The thing of it is the only opinion that matters on that topic is the opinion of those who create the new Linux Distros. Although some projects like Foresight die others like Mint & PCLinuxOS become stable & long lived projects that live for many years with the support of users. All the forks & new projects out there are trying to do something specific for their users & some will inevitably fail to gain any traction; however, the right to try doing your own thing with Linux is embedded in the GPL license & a core value of Linux. I think DistroWatch does a reasonably good job showing you the best side of tip of the Linux iceberg. To my understanding there are literally thousands of distros out there if you really go looking, but you can easily reduce that to a handful of top choices & it could be as simple as clicking 'Major Distributions' at the top of the DW page. Why criticize what the distro makes do with their free time when it's so easy to remedy these sorts of complaints?
36 • freedom (by Tim Dowd on 2015-05-22 21:07:53 GMT from North America)
I think you might have misread #8. They're not attacking RMS or the GPL. They're suggesting DW focus on why "share alike" is such an important freedom.
As for me, please don't misunderstand my position. The Free Software Foundation's efforts over the years have resulted in amazing development and research into libre software and if it weren't for those efforts we'd all be worse off. When I buy new hardware, I consider very carefully whether the new hardware I'm buying can be run using a completely libre distro and make choices based on that fact. That's what makes a difference, because it rewards companies that support libre software.
That said, it doesn't make a difference to insist on no non-free firmware for an old computer that's no longer in production and happens to become availible to a curious person. The best thing that can happen for that computer, the environment, the people who live in China or Ghana, and for the free software movement is that someone gets it running any free OS and then uses it for many years. We have to recognize that one of the major routes into GNU/Linux is people who like their older computer and were dismayed when Microsoft or Apple dropped support for it. The moment you plunk something like Mint or openSuse onto a computer that's been running like a slug under windows for 2 years and it just works is the moment when you can really have a discussion about libre, and freedoms, and planned obselecense, and why open-source software matters. You might make a convert from someone who's just thrilled they don't have to buy a new computer... and when they do buy a new computer, they contribute to the cause of libre software by buying one that will work with it.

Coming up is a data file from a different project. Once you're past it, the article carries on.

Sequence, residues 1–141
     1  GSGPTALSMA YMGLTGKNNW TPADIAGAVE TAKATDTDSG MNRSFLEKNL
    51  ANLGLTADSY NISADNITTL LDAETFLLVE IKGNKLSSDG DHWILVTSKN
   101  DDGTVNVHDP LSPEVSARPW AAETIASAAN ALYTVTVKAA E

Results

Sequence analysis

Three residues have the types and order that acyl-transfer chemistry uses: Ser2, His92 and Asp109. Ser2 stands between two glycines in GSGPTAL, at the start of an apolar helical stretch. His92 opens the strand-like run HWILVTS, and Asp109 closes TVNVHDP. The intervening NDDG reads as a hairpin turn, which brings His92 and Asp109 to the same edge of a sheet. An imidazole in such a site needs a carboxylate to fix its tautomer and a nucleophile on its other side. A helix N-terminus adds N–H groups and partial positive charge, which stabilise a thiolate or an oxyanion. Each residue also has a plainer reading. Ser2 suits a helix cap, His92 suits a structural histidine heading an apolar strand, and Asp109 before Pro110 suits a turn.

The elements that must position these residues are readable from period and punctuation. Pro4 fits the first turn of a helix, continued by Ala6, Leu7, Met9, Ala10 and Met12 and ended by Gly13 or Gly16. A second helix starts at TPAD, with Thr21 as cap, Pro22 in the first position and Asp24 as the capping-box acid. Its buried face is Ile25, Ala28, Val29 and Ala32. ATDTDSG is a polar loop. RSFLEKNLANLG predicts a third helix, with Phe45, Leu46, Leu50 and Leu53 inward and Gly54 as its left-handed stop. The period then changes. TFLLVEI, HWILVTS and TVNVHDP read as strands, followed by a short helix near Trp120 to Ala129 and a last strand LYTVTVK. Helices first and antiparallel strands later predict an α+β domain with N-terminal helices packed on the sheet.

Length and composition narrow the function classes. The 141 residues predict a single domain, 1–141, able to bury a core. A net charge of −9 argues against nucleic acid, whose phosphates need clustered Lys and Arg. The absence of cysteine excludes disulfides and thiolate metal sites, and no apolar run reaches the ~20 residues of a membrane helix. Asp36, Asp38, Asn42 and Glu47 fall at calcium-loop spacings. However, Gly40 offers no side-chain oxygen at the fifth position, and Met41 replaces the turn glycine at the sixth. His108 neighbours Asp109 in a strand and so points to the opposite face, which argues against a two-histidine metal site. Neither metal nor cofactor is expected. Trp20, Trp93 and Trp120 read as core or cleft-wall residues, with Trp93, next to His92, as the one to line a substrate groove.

No developer in the world is going to waste time working on libre firmware for a 2007 laptop. Nor should they. So if a proprietary binary blob that gives that laptop wifi or printer access exists, even if it's a non-free license, it's still supporting the cause of free software because if you don't use it, that laptop goes in the trash and gets replaced with something else containing non-free firmware and a copy of Windows 10.
I know this isn't idealogically pure. I appreciate all those who use libre only for their efforts. But slightly impure distros have been the gateway from Windows to libre for many a free software advocate.
37 • @35 Arch (by linuxista on 2015-05-22 23:37:45 GMT from North America)
Your comment about Arch "bare bones install" and "uber nerd" seems to completely overlook the point I made about installing Arch from a child distribution. It was:
>If one installs Arch from a child distro like Manjaro (sort of), ArchBang, Antergos, etc. It's probably only slightly more difficult than Mint or Ubuntu and definitely less of a pain than plain Debian. Certain things about Arch make it easier to admin than all of these, such as aur vs. ppas and rolling vs. release upgrades.
38 • Proliferation of new distros (by frodopogo on 2015-05-23 02:30:58 GMT from North America)
I think 32 is overstating things.... there are several reasons for alternatives to Ubuntu, one being different desktop interfaces and the other is concerns about corporate spyware.
However, the basic idea that every new distro is competing for attention and users with distros already out there is a good one. I think creators of new distros need to consider whether there is something already out there that is already covering the same bases, and that supporting that project MIGHT be an alternative, rather than competing with it.
Also, the Distrowatch rankings conceal the fact that some of those projects are not competing for the same users at all. Ubuntu Studio and AV Linux are both competing for musicians and video creators, likewise many other distros have specific uses and hence specific clienteles they are catering to. Zorin is trying to cater to Windows refugees, elementary to former Mac users or Mac users that somehow acquired a PC and want to use it for a second computer without having to relearn how they use a computer.
If you aren't aiming for the same purpose and the same clientele, then you aren't in competition with that distro. But if you ARE aiming for the same purpose and the same clientele ( or perhaps user base would be a better term) then the previously existing distro has set a bar that you are going to have to exceed, or you are wasting your time.
That seems so obvious that it shouldn't need to be said, and yet I don't think some people really stop to consider it. (I think people of focusing on the "trees" of specific features or the lack of them rather then the "forest" of who would actually support their distro.)